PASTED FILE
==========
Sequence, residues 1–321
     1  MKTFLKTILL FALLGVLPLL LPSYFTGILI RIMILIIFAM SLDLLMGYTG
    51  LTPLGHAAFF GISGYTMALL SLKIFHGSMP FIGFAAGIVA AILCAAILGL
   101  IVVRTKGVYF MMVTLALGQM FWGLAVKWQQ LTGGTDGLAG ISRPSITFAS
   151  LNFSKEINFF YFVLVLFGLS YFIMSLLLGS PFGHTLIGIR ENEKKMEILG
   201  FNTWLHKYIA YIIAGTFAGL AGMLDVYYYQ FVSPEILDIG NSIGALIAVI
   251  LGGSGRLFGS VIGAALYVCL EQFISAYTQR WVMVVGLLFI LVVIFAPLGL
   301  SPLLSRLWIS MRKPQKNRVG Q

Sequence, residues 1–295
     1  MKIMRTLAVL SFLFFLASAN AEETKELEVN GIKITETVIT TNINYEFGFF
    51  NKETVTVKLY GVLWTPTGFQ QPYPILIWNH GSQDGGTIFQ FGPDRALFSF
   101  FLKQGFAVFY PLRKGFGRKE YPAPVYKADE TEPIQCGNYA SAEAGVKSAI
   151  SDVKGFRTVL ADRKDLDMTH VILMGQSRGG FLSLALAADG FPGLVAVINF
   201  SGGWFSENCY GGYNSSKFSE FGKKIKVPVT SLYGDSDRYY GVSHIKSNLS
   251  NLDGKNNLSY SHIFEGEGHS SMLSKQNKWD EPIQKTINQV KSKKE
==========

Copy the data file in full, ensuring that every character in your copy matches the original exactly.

Sequence, residues 1–321
     1  MKTFLKTILL FALLGVLPLL LPSYFTGILI RIMILIIFAM SLDLLMGYTG
    51  LTPLGHAAFF GISGYTMALL SLKIFHGSMP FIGFAAGIVA AILCAAILGL
   101  IVVRTKGVYF MMVTLALGQM FWGLAVKWQQ LTGGTDGLAG ISRPSITFAS
   151  LNFSKEINFF YFVLVLFGLS YFIMSLLLGS PFGHTLIGIR ENEKKMEILG
   201  FNTWLHKYIA YIIAGTFAGL AGMLDVYYYQ FVSPEILDIG NSIGALIAVI
   251  LGGSGRLFGS VIGAALYVCL EQFISAYTQR WVMVVGLLFI LVVIFAPLGL
   301  SPLLSRLWIS MRKPQKNRVG Q

Sequence, residues 1–295
     1  MKIMRTLAVL SFLFFLASAN AEETKELEVN GIKITETVIT TNINYEFGFF
    51  NKETVTVKLY GVLWTPTGFQ QPYPILIWNH GSQDGGTIFQ FGPDRALFSF
   101  FLKQGFAVFY PLRKGFGRKE YPAPVYKADE TEPIQCGNYA SAEAGVKSAI
   151  SDVKGFRTVL ADRKDLDMTH VILMGQSRGG FLSLALAADG FPGLVAVINF
   201  SGGWFSENCY GGYNSSKFSE FGKKIKVPVT SLYGDSDRYY GVSHIKSNLS
   251  NLDGKNNLSY SHIFEGEGHS SMLSKQNKWD EPIQKTINQV KSKKE